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A train in Casselton, North Dakota carrying crude oil derailed and exploded on Dec. 30, 2013. Photo: Ken Pawluk / Associated Press / latimes.com, via NTSB press release
A train in Casselton, North Dakota carrying crude oil derailed and exploded on Dec. 30, 2013. Photo: Ken Pawluk / Associated Press / latimes.com, via NTSB press release

Lawmakers seek reform on 'unsafe' rail cars

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North Country Congressman Bill Owens is joining a bipartisan effort to require rail companies to retrofit tanker cars the federal government deemed unsafe years ago. Owens became involved in the issue after a series of reports by North Country Public Radio. David Sommerstein reports.

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Reported by

David Sommerstein
Reporter/ Producer

The Democrat Bill Owens and North Dakota Republican Kevin Cramer cite recent derailments and, in some cases, massive explosions, in British Columbia, Alabama, North Dakota, and Lac Megantic, Quebec as “warning signs” that railways lack “adequate protections”.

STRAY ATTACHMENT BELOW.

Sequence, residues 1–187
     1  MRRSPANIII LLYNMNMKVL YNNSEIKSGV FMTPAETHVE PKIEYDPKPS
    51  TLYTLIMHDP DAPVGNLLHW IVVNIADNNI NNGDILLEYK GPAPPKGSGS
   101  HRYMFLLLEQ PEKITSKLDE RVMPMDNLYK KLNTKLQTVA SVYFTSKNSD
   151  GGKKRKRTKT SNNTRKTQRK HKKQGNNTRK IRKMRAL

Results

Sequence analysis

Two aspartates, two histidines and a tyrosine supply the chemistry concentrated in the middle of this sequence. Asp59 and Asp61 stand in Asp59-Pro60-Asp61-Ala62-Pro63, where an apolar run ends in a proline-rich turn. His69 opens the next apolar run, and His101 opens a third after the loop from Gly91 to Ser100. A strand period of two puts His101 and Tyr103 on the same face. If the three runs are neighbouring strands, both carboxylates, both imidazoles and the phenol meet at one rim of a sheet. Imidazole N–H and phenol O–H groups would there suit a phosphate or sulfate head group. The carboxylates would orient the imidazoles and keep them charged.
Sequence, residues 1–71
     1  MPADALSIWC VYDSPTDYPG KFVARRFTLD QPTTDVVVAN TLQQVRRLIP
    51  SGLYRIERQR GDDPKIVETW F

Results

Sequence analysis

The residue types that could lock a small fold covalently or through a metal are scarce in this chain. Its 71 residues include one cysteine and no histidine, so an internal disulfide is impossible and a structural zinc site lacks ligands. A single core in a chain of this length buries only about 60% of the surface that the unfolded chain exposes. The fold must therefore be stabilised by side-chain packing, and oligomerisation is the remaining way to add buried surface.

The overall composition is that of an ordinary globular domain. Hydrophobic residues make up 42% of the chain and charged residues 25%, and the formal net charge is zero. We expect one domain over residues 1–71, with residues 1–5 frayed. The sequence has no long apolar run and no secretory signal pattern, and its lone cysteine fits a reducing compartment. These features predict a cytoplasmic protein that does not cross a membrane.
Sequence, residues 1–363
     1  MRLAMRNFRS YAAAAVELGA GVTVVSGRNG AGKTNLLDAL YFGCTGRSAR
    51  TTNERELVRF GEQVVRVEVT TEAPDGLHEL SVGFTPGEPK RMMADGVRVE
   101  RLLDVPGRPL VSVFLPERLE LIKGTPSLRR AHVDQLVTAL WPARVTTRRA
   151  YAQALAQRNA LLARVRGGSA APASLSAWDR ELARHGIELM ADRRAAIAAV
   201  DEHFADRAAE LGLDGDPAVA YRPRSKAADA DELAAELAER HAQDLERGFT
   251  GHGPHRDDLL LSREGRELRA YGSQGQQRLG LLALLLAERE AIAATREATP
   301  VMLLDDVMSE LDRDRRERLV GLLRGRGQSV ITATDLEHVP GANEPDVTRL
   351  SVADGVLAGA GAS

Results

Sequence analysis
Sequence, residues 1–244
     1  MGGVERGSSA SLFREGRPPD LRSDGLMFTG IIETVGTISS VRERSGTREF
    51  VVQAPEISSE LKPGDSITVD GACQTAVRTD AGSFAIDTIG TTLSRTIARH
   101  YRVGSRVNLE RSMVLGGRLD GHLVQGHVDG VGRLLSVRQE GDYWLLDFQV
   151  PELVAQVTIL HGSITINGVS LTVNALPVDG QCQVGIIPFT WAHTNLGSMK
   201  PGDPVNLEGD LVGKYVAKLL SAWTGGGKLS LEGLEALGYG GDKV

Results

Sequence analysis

The bipartisan lawmakers specifically call out the DOT-111 tanker car. As reported by North Country Public Radio last fall, those tankers, which often carry crude oil, ethanol, and liquid chemicals, were deemed “unsafe” by federal regulators more than 20 years ago. The reports confirmed that DOT-111s do transport those hazardous materials through North Country towns, including where CSX has recently increased train speed limits from 25 to 40 miles per hour.

In letters to the Federal Railroad Administration and the U.S. Pipeline and Hazardous Materials Safety Administration, Owens and Cramer call for better inspections and oversight of hazmat classifications and new speed limits for freight trains carrying hazardous materials. Owens says the government needs to strike a balance between the needs of business and “public and environmental safety”.

The trade group representing freight carriers has already begun purchasing more safe replacements to the DOT-111 tankers. But switching out the entire fleet will take years. Last week, New York Senator Chuck Schumer called for the industry to retrofit the existing DOT-111s to make them safer.

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